The Islamic Call

The Egyptian Society for Spiritual and Cultural Research

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Much confusion about the Islamic Call, and the relation to be established between Muslims and followers of other creeds, stems from distorted, literal and partial readings of the Holy Qur’an, prophetic Sunna and events that took place during the life of The Prophet (PBUH) . Consequently, some Muslim groups assume that they have to spread Islam by all means even by violence; something that contradicts bluntly with the basics of the Islamic Call that The Prophet Muhammad (PBUH) conveyed and lived both in Macca and Madina. The way that The Prophet Muhammad (PBUH) adhered to on carrying the divine mission was characterized by respect to freedom of faith, professing diversity of creeds as part of the natural laws of creation, keenness on spreading peace, and tolerance with followers of other revelations.

On rejecting the paganism in Macca, The Prophet Muhammad (PBUH) was not attempting to impose his belief system on the non-believers. Actually he, out of love to all, and according to the Divine’s commandment to him, was inviting those who made of their economic and political power a legitimate reason for exploiting the less powerful, to realize that they were worshipping false gods (money, authority and tribal pride), which would lead to their own spiritual mischief. He was also inviting the poor to be liberated from fear and submission to their exploiters. In other words, he was inviting people to come to awareness of the ultimate goal of their existence: to be realized as human beings. Attaining such a goal implies man’s strive to be spiritually free from devotion to any aspect of the transient life. That was/is the core of the Islamic Testimony Shahada: “there is no god but God” (La Ilaha Illa Allah). With “People of the Book” (Christians and Jews) the Islamic Call was an invitation to come to “common terms” with Muslims: to worship none but Allah, Namely, The Prophet (PBUH) called upon them to share the approach to life that would make them feel belonging to each other since what he called upon existed in the very Revelations to Moses (PBUH) and Jesus (PBUH) . It was/is not a prime goal in itself that they would convert to the worshipping system adopted in the Revelation to The Prophet (PBUH) , or follow the Islamic legal system. Rather, he guided them to follow the pure guidance of prophets Moses (PBUH) and Jesus (PBUH) attracting their attention to the essence of the Primordial Religion of Abraham (PBUH) that they all shared.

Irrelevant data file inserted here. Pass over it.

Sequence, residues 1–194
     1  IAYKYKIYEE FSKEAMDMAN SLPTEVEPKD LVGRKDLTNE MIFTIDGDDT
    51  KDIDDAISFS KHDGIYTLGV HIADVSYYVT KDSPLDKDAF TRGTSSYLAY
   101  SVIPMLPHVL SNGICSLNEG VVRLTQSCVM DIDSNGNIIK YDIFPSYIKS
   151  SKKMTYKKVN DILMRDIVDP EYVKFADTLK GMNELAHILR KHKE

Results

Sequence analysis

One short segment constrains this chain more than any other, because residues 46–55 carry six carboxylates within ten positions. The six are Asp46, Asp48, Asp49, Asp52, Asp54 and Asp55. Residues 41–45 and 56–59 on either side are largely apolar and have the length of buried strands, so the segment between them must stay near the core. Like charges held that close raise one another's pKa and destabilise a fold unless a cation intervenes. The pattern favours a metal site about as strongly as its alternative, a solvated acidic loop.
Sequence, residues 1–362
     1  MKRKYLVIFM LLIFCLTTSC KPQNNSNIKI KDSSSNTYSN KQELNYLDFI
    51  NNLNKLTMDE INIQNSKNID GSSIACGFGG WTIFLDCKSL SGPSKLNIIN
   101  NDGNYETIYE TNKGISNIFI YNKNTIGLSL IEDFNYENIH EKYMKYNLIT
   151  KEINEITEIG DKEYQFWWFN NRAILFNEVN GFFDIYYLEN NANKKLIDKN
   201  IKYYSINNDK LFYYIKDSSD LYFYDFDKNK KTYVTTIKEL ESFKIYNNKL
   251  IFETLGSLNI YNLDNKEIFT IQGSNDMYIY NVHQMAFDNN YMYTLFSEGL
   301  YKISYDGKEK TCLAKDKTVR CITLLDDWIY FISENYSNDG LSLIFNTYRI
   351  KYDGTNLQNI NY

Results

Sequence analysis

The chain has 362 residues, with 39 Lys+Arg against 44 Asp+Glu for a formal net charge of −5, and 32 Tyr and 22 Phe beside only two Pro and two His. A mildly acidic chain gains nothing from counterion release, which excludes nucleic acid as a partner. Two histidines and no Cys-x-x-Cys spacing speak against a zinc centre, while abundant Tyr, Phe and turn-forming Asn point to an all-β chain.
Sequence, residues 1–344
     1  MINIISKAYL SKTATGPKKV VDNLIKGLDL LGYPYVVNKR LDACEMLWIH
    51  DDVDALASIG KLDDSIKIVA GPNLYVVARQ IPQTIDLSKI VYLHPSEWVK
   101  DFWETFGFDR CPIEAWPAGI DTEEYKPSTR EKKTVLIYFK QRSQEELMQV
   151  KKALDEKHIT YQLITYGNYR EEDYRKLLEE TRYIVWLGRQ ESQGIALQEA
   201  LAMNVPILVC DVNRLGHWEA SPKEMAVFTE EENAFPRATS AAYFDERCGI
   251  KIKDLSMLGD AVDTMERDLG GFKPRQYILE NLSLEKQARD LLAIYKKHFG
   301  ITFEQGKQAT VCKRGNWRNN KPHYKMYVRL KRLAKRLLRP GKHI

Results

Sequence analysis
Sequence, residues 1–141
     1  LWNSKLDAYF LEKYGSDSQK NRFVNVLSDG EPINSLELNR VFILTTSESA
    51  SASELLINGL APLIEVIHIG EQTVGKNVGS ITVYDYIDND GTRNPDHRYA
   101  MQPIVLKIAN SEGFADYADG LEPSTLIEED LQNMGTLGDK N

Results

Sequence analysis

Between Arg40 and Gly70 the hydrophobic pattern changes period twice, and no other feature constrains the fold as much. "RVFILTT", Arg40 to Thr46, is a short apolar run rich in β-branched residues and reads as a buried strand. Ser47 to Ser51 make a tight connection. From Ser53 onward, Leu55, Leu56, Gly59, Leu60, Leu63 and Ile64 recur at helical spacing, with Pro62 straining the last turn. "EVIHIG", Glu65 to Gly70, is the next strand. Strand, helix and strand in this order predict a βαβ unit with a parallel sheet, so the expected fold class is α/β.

Spreading Peace was/is the core of the Islamic Call. Peace starts from within man when s/he is spiritually liberated from devotion to any transient goal. The inner peace is spontaneously reflected around towards all aspects of nature and human beings. Teachings guide Muslims to give a chance to the higher Self to express peace, and have control over the lower self. This is the main battle advocated by the Islamic call, which is pointed to as the great struggle al-Jihad al-Akbr. The smaller struggle (Al-jihad al- asghar), which is fighting an outside physical enemy, was never advocated or initiated by The Prophet Muhammad (PBUH) and his companions all through his life. In every stage of the Islamic Call, in Macca and Madina, The Prophet (PBUH) exhausted all possible efforts to reach agreements with his opponents about a mechanism for maintaining peaceful coexistence. In Macca, masters of Quraish initiated hostility with The Prophet (PBUH) and his followers and attempted to kill him. Then when he immigrated to Madina, they planned to exhaust the newly born Muslim society, and they waged war against Muslims. The Prophet’s attempts to live in peace with the Jewish tribes in Madina giving them full rights as one nation with Muslims also went in vain. Jewish tribes, one after another, broke the treaties they signed with The Prophet (PBUH) and committed many acts of treason. However, according to the guidance of the Divine in the Holy Qur’an and prophetic Sunna, Muslims were told never to initiate war or transgress, and never to lust for revenge or shedding blood. They were also told that whenever there was a chance for restoring peace they should agree on the spot. When fighting was unavoidable, The Prophet’s guidance to his followers was to minimize the losses in any new land they entered. His strict teachings were: never to destroy a church, a temple or any place of worship of any kind, and never to destroy a house or cut a tree, or cause terror to people.

Tolerance with people from other creeds is highly advocated in the Holy Qur’an and prophetic Sunna. People from different creeds are granted full guarantees to practice their religious rites safely. Muslims are guided never to attempt to urge people of different faiths to convert to Islam. Muslims, in the meantime, are encouraged to make friendship with non-Muslims, invite them to banquets, accept their invitations, and exchange presents with them as signs of love and intimacy. Islamic guidance as such makes it possible that people from different creeds can make of the “common terms” a base for peaceful coexistence and cooperation in leading a life that reflects their oneness. Tolerance extends to all, even non-believers because clear teachings say that freedom of faith is to be fully and unconditionally guaranteed. Namely, a person is never to be rejected among a Muslim community because of her/his thoughts or belief system. Rather, a person is denounced, regardless of her/his belief, when s/he makes a harmful action towards another because s/he is considered as breaking the feeling of oneness among humans.

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